When Jesus heard of the death of John the Baptist, he withdrew in a boat to a deserted place by himself. The crowds heard of this and followed him on foot from their towns. When he disembarked and saw the vast crowd, his heart was moved with pity for them, and he cured their sick.
by Father Greg Friedman, OFM
My inner-city parish sponsors a soup kitchen, and the time I spend there is always a holy time. It’s holy because of the presence of Christ in both our guests who come for meals and in the volunteers and staff who serve them. The fact that this ministry revolves around food recalls for me the scene in today’s Gospel.
There, Jesus feeds a large crowd in a deserted place. When Matthew’s community heard this story, what connections would they have made? Perhaps they recalled the Hebrew Scriptures, where God fed the people of Israel in the desert. Perhaps those early Christians thought of their own situation, and of their obligation to feed those in need. And surely they imagined the heavenly banquet at the end of time.
But I suspect this story also reminded them of their Sunday Eucharist. The language Matthew uses to describe what Jesus does—blessing, breaking and giving bread—recalls a similar description of the actions of Christ at the Last Supper.
For me and for my parishioners all those connections are present in our soup kitchen ministry: our link with our Scriptural tradition, our hope for the banquet feast of heaven, and especially the Eucharist. Our Sunday Mass nourishes us, prepares us, obliges us even, to feed the hungry who wander in our urban desert, seeking nourishment and healing.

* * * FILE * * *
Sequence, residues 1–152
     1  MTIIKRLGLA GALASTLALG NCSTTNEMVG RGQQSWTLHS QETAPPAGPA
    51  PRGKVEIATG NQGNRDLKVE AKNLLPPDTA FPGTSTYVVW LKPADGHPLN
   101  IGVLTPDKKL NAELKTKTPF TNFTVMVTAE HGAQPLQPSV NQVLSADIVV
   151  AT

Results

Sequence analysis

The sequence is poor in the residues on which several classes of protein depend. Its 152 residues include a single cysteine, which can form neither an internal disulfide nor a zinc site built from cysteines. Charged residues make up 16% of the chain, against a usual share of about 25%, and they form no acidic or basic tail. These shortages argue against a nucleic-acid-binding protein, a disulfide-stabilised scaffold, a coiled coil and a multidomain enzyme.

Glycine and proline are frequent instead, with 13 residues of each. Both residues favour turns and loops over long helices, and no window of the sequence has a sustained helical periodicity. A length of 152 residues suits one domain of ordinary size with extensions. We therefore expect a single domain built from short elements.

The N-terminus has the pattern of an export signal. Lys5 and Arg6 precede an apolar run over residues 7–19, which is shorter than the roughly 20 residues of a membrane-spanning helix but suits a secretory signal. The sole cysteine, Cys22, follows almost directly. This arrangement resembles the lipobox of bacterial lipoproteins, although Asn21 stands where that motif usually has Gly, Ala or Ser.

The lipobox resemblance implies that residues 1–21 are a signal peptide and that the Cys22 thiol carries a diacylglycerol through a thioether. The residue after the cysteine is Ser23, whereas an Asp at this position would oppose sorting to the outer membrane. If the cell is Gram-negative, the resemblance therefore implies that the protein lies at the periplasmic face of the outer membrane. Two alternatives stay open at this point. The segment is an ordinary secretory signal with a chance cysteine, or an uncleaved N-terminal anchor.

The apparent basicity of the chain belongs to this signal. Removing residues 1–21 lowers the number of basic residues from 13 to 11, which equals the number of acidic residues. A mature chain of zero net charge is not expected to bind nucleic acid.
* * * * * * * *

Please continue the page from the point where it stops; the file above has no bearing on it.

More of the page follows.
by Father Dan Kroger, OFM
• In the first reading (Is 55:1-3), Isaiah invites all who are thirsty “to come to the water.” What is Isaiah talking about? What “thirst” is Isaiah talking about here? (see Is 55:3)
• According to the second reading (Rom 8:34, 37-39), why is St. Paul confident that nothing can separate us from the love of Christ? Paul mentions things that he had suffered. What are those things?
• The Gospel tells us that when Jesus heard of the death of John the Baptist, he withdrew to a deserted place to pray. But the crowds found him. Jesus pitied them. So, what did he do? Late in the day, what did Jesus tell the disciples to do? How many people were fed by the five loaves and two fishes that Jesus multiplied?
by Susan Hines-Brigger
• Because we can’t currently gather together with family and friends for a meal, why not do the next best thing? Make a meal or some treats and deliver them to a family member or friend. Or, have an online dinner party. Connect via the Internet and virtually eat together.
• Jesus went off to spend time alone. In that spirit, find somewhere quiet to take some time for yourself to just sit and think or pray. You might try to do some journaling.